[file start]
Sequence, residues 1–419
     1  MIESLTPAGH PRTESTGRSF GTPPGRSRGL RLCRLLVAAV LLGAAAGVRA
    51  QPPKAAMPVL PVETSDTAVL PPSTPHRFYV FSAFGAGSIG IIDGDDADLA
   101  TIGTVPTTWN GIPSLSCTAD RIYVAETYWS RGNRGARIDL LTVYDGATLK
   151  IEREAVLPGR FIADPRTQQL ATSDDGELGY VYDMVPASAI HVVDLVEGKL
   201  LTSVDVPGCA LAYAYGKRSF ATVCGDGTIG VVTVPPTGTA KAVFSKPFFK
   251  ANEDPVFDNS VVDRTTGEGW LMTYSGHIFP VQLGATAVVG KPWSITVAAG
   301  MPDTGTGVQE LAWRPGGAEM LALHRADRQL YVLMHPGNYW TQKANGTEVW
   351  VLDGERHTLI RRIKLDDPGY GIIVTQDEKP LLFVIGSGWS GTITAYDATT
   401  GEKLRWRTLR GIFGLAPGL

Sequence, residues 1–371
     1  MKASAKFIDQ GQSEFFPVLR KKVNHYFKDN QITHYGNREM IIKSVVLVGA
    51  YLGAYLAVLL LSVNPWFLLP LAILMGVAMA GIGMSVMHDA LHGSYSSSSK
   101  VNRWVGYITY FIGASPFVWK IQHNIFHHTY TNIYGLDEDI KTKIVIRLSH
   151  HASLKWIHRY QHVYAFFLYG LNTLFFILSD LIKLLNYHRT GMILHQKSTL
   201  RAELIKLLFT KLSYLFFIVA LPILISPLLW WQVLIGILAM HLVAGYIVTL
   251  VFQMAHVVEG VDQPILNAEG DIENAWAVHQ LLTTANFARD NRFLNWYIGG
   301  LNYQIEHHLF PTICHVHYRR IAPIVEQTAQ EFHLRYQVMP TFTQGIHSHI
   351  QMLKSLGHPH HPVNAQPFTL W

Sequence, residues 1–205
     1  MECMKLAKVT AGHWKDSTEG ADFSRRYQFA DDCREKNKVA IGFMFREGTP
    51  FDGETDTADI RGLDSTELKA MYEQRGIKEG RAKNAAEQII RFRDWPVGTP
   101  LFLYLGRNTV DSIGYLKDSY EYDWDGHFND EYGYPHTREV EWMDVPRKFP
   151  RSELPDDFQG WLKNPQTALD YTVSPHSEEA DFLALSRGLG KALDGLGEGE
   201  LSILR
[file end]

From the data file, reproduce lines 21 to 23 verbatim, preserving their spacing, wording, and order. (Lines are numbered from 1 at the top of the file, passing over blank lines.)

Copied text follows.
     1  MECMKLAKVT AGHWKDSTEG ADFSRRYQFA DDCREKNKVA IGFMFREGTP
    51  FDGETDTADI RGLDSTELKA MYEQRGIKEG RAKNAAEQII RFRDWPVGTP
   101  LFLYLGRNTV DSIGYLKDSY EYDWDGHFND EYGYPHTREV EWMDVPRKFP